2. fernaneq4 · ·

    I find myself unsubscribing from emails at least once a week. It’s always interesting to take a different perspective and look at the marketing tactics through an alternative lens than that of a buyer. I will admit, some of those emails get me and they get me good (actually buying the product). I find myself subscribed to sites I’ve never heard of and that ticks me off! But then I buy from these random sites or I click and I read and so on (ahem click bait @skuchma215). This post reminded me a lot of Google’s book ZMOT (Free book online: https://www.thinkwithgoogle.com/collections/zero-moment-truth.html). It’s all about clicking percentages and the “Zero Moment of Truth” a buyer decides to buy something. It even goes into Amazons One-Click patent and how important those impulsive buys actually are. I think these marketing tactics and emails are exactly what leads to these impulses. Great article!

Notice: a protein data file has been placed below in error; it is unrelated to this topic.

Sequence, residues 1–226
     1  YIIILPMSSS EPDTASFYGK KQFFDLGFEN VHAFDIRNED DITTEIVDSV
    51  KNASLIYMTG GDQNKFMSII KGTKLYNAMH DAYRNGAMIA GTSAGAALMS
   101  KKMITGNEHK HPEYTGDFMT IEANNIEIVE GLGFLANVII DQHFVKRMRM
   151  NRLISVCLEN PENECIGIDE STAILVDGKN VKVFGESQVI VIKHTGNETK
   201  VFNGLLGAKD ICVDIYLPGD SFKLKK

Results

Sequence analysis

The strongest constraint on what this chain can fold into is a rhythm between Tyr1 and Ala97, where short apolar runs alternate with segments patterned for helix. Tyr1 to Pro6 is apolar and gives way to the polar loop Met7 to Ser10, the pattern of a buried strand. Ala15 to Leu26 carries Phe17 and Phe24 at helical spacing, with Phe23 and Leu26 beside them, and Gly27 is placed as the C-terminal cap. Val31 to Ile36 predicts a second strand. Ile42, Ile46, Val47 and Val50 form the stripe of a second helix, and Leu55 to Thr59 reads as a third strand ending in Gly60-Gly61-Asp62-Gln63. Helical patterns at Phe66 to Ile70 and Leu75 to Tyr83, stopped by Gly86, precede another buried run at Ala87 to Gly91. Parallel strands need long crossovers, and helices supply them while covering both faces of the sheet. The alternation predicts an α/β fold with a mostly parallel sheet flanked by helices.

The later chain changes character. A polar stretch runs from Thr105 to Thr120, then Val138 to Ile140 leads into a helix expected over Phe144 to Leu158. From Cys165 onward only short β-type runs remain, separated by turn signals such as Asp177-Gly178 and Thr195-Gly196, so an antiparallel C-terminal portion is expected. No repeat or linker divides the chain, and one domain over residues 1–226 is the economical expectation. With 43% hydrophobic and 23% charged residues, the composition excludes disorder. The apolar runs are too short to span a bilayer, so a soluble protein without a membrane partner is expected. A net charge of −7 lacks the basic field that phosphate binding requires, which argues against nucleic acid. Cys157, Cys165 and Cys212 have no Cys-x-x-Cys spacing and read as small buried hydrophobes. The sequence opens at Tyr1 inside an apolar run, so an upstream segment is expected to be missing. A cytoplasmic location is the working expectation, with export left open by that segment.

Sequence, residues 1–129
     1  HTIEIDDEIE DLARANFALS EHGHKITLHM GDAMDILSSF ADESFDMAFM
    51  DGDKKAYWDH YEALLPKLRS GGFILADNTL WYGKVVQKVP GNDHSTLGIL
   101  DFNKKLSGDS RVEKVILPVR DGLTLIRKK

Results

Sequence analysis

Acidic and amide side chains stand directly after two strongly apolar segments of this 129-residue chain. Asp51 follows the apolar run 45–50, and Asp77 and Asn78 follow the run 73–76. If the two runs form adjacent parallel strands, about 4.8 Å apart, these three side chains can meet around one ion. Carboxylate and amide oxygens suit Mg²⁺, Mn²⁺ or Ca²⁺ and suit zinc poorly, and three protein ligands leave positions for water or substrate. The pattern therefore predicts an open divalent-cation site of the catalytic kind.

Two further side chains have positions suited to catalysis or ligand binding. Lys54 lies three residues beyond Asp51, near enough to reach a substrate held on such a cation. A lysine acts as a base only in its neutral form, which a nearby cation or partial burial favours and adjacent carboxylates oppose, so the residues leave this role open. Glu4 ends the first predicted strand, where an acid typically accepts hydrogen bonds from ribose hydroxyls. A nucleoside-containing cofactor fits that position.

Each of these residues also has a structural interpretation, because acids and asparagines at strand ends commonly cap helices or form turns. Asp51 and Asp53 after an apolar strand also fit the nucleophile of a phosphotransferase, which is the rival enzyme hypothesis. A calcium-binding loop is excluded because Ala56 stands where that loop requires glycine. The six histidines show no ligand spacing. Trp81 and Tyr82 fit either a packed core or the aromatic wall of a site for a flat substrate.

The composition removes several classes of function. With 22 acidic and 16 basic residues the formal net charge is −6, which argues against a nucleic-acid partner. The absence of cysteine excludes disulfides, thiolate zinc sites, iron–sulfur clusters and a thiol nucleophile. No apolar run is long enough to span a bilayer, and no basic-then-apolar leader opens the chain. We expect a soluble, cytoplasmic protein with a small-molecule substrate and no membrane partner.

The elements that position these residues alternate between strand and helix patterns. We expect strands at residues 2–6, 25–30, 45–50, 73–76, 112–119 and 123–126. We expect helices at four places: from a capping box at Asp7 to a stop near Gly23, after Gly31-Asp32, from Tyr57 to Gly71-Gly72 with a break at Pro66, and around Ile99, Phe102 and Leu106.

3. adawsisys · ·

    It was very interesting when you talked about how businesses that send spam emails don’t necessarily need you to read the email or even to open it. It is a little frightening to think that just by reading the title of an email we associate the sender with our personal “inbox space”. The next time I go to delete a spam email, I will be thinking that just by sending the email, the spammer has already won. There is really no way to avoid this type of marketing because there is no way to un see it. We encounter this in public all of the time: on billboards, TV, and the internet. The difference seems to be that a person’s inbox is considered, to a point, a personal space. In this way spamming seems much more invasive than traditional forms of advertising.

  4. Nice post. It is always helpful to remind us of the roots of social media (that haven’t entirely disappeared yet).